US 1555065 A
Description (OCR text may contain errors)
Sept. 29, 1925. L55 065 U. L. LINDQLHST MOUNTING F OR GO NDUCTORS IN ELECTRICAL MACHINERY AND METHOD OF APPLYING SAME Filed Nov. 5, 1925 ll"IllIIllllllllKlllllllllllllillllllllllllllllllllli llllllllllllllllll lllllllllllllllllllllflllllll Patented 29, 1925,
UNlTEll) STATES PATENT DAVID L. LINDQUIST, OF HARTSDALE, NEW YORK, ASSIGNOR T OTIS ELEVATOR COM- PANY, OF JERSEY CITY, NEW' E1.
iSEY, A CORPGRA'EEON 0F LTE'W JERSEY.
MOUNTING FOB CONDUflTOR/S IN ELECTRICAL MACHINERY AND lttETI-IOD OF APPLYING SAME.
Application filed November 5, 1923. Serial No. 672,877.
To all whom it may concern.
Be it known that T, DAVID L. lnnnoursr,
a subject of the King of Sweden, residing in Hartsdale, in the county of lVestchester 5 and State of New York, have invented a new and useful Improvement in ltlountings for Conductors in Electrical Machinery and liiiethods of Applying Same, of which the following is a specification.
My invention relates to a mounting for conductors in the slots of electrical machin cry and the method of mounting the conductors.
The invention has for its objects the provision of a construction that will at all times firmly hold the conductors in their proper location in the slots, that will tie together the teeth of the laminated cores, thereby preventing vibration and consequent noise, that will be economical and easy of application without danger of damaging the insulation, and that will continue to perform its function under any or all of the conditions met 9 in operation.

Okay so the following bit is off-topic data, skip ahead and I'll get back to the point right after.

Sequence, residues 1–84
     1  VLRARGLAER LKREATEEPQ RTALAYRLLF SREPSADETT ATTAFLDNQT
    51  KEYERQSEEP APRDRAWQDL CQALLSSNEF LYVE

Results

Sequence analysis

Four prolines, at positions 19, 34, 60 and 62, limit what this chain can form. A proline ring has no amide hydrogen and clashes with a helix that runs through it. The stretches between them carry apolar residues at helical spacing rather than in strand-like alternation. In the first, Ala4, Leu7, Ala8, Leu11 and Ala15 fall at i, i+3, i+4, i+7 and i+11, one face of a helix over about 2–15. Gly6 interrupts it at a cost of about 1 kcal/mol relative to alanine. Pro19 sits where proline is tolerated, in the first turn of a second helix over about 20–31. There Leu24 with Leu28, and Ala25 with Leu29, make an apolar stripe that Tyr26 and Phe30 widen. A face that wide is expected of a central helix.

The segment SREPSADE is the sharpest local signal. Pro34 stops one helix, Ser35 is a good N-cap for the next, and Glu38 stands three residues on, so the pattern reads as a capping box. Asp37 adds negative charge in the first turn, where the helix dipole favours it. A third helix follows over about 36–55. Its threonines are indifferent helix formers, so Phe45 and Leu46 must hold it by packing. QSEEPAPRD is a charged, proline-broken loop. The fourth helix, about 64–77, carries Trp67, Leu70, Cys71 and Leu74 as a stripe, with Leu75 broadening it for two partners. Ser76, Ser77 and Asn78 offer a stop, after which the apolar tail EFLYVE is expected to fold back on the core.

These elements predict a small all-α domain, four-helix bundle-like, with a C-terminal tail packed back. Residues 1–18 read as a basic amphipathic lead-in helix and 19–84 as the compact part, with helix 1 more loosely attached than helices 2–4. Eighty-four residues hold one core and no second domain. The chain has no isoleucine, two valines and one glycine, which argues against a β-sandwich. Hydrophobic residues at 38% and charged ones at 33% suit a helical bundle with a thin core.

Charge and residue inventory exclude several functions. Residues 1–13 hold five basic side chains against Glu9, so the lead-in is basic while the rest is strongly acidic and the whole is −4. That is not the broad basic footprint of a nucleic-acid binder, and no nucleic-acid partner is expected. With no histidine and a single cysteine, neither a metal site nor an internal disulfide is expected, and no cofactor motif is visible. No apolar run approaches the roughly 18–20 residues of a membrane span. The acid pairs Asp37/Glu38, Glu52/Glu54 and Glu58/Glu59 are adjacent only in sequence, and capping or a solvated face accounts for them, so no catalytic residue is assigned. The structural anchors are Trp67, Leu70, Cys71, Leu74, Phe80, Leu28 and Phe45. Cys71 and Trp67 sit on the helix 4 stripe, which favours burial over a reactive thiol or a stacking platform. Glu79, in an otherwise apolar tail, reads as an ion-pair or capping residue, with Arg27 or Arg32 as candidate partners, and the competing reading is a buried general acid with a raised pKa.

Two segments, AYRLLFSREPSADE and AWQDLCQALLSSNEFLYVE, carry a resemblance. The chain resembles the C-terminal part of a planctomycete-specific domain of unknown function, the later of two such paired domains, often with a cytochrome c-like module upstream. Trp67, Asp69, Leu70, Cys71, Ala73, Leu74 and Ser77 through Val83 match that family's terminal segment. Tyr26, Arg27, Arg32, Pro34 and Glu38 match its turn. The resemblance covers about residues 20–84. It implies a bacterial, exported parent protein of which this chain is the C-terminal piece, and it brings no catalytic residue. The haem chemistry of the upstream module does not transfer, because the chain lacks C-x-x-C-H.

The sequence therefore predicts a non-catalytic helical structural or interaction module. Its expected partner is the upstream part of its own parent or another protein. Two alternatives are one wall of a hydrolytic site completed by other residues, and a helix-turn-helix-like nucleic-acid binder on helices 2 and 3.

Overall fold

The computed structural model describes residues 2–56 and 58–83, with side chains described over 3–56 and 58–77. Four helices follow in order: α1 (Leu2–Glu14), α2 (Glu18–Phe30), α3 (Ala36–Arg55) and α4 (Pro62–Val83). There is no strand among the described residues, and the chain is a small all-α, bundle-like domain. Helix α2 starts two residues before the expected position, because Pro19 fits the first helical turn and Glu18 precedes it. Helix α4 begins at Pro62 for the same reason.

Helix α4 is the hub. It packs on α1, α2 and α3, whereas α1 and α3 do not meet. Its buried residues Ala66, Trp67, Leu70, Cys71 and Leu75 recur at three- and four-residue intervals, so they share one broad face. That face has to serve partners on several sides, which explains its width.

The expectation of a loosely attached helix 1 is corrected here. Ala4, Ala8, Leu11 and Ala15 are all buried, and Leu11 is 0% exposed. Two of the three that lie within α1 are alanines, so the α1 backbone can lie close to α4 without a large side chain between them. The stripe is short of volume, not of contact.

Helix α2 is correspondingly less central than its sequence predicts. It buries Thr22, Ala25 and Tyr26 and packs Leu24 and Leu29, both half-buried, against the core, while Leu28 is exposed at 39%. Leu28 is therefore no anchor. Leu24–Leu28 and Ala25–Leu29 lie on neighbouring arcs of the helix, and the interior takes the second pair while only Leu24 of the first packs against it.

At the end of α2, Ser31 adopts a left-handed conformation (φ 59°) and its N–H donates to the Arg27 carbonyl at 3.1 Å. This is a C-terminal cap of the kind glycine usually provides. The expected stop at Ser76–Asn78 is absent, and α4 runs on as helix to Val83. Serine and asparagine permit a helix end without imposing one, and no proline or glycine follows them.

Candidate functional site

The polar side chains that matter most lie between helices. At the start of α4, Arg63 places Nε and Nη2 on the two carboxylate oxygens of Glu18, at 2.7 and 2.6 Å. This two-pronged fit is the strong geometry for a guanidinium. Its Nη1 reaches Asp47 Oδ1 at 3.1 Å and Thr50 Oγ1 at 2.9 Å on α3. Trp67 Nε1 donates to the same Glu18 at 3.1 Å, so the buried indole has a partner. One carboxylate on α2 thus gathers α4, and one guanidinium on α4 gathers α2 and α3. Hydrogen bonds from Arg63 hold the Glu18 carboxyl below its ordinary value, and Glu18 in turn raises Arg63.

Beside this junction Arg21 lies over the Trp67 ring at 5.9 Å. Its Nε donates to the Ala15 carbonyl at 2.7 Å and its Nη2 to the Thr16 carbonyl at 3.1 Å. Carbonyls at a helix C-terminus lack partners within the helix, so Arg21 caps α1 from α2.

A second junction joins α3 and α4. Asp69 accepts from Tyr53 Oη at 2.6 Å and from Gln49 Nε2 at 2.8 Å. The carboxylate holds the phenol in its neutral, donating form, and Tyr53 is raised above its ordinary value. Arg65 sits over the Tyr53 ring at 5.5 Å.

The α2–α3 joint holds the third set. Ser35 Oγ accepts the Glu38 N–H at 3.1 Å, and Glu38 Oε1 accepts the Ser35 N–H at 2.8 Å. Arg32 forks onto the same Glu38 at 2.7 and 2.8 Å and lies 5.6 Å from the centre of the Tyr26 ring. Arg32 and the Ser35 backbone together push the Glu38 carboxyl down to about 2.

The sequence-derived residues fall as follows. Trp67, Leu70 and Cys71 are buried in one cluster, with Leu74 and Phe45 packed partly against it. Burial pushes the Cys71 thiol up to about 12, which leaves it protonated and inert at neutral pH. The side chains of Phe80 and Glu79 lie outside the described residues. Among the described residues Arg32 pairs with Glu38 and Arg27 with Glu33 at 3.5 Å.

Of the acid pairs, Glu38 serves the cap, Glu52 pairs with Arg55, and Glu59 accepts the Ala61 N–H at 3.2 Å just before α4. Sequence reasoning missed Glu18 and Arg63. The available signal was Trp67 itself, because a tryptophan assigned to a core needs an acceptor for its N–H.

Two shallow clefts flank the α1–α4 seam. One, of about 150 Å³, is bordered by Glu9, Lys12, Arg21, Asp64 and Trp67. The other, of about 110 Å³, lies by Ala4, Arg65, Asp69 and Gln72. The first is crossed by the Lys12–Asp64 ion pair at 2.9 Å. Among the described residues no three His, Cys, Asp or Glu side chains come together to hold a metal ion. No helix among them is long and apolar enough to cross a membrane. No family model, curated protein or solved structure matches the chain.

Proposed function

is The principle involved in the invention comprises the use of a resilient means which will at all times exert pressure for holding the conductor firmly in place, and in a preferred form of the invention this pressure is produced in an elastic deformable memger of sheet material such for example as a corrugated sheet metal strip. 1* or producing the pressure or force within the elas tic member, I employ an insert which deforms the elastic member in the actof introducing the insert. Other features will clearly appear from the further description.
As in illustration of how my invention 7 may be carried out, it is described in connection with the accompanying drawings, in which Figure 1 is a horizontal cross-sectional view taken through a conductor bar and slot of the rotor of an A. C. motor.
Figure 2 is a cross-sectional View taken on line 22 of Figure 1.
Figures 3 and 4: are views similar to Figures 1 and 2 showing another embodiment of my invention.
Figures 5 and 6 are similar views showing my invention applied to a semi-closed slot containing an insulated conductor.
Figures 7 and 8 are similar views showing my invention applied to an open type slot containing a form ound insulated coil.
Similar numerals refer to similar parts throughout the several views.